Self-Sustainability

The Paramount Importance of Parents in Islam

In Islam, the importance of parents transcends mere biological ties; it encompasses spiritual, emotional, and societal dimensions. Parents are revered as the embodiment of selfless love, nurturing care, and unwavering support. Their roles as educators, caregivers, and spiritual guides are indispensable to the fabric of Muslim society. Therefore, honoring and respecting parents is not only a religious obligation but also a fundamental principle that fosters harmony, compassion, and righteousness within families and communities.

Supplementing Universal Basic Income with Small Business Development and Energy Self-Sufficiency.

Universal basic income (UBI) is a policy proposal that would provide a regular, unconditional cash payment to all members of a society. While UBI has been advocated by some as a way to address the challenges posed by automation and the changing nature of work, it is currently not feasible to implement on a widespread basis in most countries. There are a number of logistical and financial challenges that would need to be overcome in order to implement UBI in a way that is sustainable and equitable.

However, despite the current challenges to implementing UBI, it is becoming increasingly clear that it will be critical in the coming years to find ways to support individuals and communities as the economy and job market continue to evolve. With this in mind, governments should consider advocating for and supporting initiatives that aim to establish and strengthen small, ethical artisan businesses (SEABs) and farms (SEAFs) in their communities.

These types of businesses can provide job opportunities and support local economies, and can also help to strengthen the food supply and promote self-sufficiency. Adding “gigs” or short-term, project-based work to support SEABs and SEAFs can also help to create more flexible and diverse sources of income for individuals.

In addition, governments can consider supporting the development of interoperable small scale residential energy production systems, which could help to reduce reliance on fossil fuels and increase the self-sufficiency of communities. Gamification and the use of decentralized autonomous organizations (DAOs) to govern communities can also be explored as potential ways to engage citizens and encourage participation in local economic development.

While UBI remains currently impossible, there are steps that governments and communities can take to create more resilient and sustainable local economies that can provide income and support for citizens in the coming years.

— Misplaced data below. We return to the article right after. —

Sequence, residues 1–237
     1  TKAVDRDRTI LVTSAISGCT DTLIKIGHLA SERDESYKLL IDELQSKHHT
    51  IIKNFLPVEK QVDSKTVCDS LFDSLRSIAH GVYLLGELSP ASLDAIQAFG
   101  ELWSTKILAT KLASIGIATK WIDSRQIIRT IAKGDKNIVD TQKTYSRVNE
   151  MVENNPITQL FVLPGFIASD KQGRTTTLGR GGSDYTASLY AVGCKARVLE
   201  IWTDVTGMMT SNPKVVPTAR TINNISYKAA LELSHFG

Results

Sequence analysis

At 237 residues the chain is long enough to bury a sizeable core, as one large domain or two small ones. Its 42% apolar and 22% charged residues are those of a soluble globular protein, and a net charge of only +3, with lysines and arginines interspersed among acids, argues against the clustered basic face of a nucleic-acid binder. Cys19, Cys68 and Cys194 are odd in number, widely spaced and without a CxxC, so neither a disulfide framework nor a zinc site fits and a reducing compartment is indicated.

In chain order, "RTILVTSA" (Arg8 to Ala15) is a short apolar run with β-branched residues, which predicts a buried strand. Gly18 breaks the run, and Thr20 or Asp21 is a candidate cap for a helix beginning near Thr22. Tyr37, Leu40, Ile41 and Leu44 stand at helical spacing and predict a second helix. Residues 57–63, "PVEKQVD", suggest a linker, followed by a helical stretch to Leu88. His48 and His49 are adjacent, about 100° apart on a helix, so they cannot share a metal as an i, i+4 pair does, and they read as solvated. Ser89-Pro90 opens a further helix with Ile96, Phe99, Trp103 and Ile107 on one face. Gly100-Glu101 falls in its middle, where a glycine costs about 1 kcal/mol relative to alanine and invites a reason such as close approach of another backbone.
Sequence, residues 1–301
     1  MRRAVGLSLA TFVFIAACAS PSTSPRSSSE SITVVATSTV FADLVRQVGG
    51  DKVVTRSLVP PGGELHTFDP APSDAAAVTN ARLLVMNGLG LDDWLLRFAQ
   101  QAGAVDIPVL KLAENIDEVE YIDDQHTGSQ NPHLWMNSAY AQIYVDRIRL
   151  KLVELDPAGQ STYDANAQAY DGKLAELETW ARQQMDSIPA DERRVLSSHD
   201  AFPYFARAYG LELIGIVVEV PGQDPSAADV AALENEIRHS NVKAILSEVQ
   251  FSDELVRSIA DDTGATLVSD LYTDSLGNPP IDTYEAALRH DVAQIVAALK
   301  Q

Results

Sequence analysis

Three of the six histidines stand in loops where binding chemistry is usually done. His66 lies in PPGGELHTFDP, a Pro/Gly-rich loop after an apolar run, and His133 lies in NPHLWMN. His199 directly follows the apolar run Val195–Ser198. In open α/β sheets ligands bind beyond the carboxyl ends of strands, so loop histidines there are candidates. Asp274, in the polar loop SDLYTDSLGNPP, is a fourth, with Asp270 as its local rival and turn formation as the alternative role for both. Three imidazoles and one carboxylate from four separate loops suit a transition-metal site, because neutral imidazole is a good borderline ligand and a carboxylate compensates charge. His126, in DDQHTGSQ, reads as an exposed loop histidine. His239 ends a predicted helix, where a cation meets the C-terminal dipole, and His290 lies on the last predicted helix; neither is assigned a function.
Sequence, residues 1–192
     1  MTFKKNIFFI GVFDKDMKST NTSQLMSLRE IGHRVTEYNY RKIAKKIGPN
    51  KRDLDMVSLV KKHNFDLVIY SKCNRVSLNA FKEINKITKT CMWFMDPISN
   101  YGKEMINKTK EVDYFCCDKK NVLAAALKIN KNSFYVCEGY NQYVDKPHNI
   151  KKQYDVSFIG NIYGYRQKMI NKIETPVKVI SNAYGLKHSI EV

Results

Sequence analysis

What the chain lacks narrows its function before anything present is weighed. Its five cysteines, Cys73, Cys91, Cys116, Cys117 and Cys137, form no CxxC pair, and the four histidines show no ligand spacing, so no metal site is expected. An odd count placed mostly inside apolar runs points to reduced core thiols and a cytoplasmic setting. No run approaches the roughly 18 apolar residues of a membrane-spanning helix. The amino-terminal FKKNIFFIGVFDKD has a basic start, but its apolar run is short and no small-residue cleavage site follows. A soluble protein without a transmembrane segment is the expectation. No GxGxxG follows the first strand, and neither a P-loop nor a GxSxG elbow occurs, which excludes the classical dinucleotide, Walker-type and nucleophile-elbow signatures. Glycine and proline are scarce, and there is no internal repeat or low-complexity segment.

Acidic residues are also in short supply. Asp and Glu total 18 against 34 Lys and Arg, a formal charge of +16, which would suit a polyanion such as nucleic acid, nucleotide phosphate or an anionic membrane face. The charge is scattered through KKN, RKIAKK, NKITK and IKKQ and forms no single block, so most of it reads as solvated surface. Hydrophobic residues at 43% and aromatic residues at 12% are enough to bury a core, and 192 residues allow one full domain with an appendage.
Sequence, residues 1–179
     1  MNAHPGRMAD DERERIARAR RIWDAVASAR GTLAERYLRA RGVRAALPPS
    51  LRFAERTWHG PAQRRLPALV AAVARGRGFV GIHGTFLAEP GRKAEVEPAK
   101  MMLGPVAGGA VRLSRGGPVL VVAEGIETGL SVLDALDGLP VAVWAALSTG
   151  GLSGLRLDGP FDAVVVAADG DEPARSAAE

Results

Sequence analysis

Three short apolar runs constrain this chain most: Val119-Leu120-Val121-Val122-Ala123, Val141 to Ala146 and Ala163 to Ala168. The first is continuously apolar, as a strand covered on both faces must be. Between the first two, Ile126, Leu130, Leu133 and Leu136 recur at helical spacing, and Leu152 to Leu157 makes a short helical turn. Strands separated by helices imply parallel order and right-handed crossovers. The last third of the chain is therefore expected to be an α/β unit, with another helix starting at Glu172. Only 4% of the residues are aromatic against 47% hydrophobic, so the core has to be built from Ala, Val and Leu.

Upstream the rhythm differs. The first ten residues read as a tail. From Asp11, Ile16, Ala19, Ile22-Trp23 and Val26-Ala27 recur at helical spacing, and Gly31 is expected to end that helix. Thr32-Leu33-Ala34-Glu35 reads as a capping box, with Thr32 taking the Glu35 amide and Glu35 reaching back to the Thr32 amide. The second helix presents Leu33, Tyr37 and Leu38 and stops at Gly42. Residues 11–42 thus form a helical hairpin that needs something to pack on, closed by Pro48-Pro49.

In summary, universal basic income (UBI) may be a desirable policy for addressing the challenges posed by automation and the changing nature of work, but it is currently not feasible to implement on a widespread basis. However, there are other strategies that governments and communities can consider to create more resilient and sustainable local economies that can provide income and support for citizens in the coming years.

One such strategy is the establishment and support of small, ethical artisan businesses (SEABs) and farms (SEAFs). These types of businesses can provide job opportunities and support local economies, and can also help to strengthen the food supply and promote self-sufficiency. Adding “gigs” or short-term, project-based work to support SEABs and SEAFs can also create more flexible and diverse sources of income for individuals.

In addition, governments can consider supporting the development of interoperable small scale residential energy production systems, which can help to reduce reliance on fossil fuels and increase the self-sufficiency of communities. Gamification and the use of decentralized autonomous organizations (DAOs) to govern communities can also be explored as potential ways to engage citizens and encourage participation in local economic development.

Overall, while UBI may not be currently possible, there are steps that governments and communities can take to create more resilient and sustainable local economies that can provide income and support for citizens.

From Globalization to Interplanetary Decentralization: A Roadmap for the Future of Governance

As we stand at the threshold of a new era, it is important to reflect on the lessons of the past. Throughout human history, we have witnessed pain, despair, and horror in the pursuit of social, economic, and scientific evolution.

But now, we have the opportunity to be the seed of the universe. From what we can prove, there is nothing else out there – just a vast expanse of space and a few rocks that may one day be able to support life. In a billion years, the inhabitants of other planets could be descendants of Earth.